In Disruption isn’t the whole VRM story, I visited the Tetrad of Media Effects, from Laws of Media: the New Science, by Marshall and Eric McLuhan. Every new medium (which can be anything from a stone arrowhead to a self-driving car), the McLuhans say, does four things, which they pose as questions that can have multiple answers, and they visualize this way:
The McLuhans also famously explained their work with this encompassing statement: We shape our tools and thereafter they shape us.
This can go for institutions, such as businesses, and whole marketplaces, as well as people. We saw that happen in a big way with contracts of adhesion: those one-sided non-agreements we click on every time we acquire a new login and password, so we can deal with yet another site or service online.
These were named in 1943 by the law professor Friedrich “Fritz” Kessler in his landmark paper, “Contracts of Adhesion: Some Thoughts about Freedom of Contract.” Here is pretty much his whole case, expressed in a tetrad:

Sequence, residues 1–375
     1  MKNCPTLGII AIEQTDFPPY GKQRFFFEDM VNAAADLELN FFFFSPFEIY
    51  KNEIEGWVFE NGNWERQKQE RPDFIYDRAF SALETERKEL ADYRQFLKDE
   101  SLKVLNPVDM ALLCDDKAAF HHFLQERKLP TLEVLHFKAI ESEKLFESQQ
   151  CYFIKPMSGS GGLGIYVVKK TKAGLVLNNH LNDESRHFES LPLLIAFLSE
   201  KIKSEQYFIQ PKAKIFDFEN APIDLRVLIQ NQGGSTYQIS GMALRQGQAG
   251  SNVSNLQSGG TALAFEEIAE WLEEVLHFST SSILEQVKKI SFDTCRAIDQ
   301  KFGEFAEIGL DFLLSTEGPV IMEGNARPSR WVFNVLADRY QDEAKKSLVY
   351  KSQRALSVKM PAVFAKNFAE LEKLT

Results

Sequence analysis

Contracts of adhesion were tools industry shaped, was in turn shaped by, and in turn shaped the whole marketplace.
But now we have the Internet, which by design gives everyone on it a place to stand, and, like Archimedes with his lever, move the world.
We are now developing that lever, in the form of terms any one of us can assert, as a first party, and the other side—the businesses we deal with—can agree to, automatically. Which they’ll do it because it’s good for them.
I describe our first two terms, both of which have potentials toward enormous changes, in two similar posts put up elsewhere:
— What if businesses agreed to customers’ terms and conditions?
— The only way customers come first
And we’ll work some of those terms this week, fittingly, at the Computer History Museum in Silicon Valley, starting tomorrow at VRM Day and then Tuesday through Thursday at the Internet Identity Workshop. I host the former and co-host the latter, our 24th. One is free and the other is cheap for a conference.
Here is what will come of our work:
Trust me: nothing you can do is more leveraged than helping make this happen.
See you there.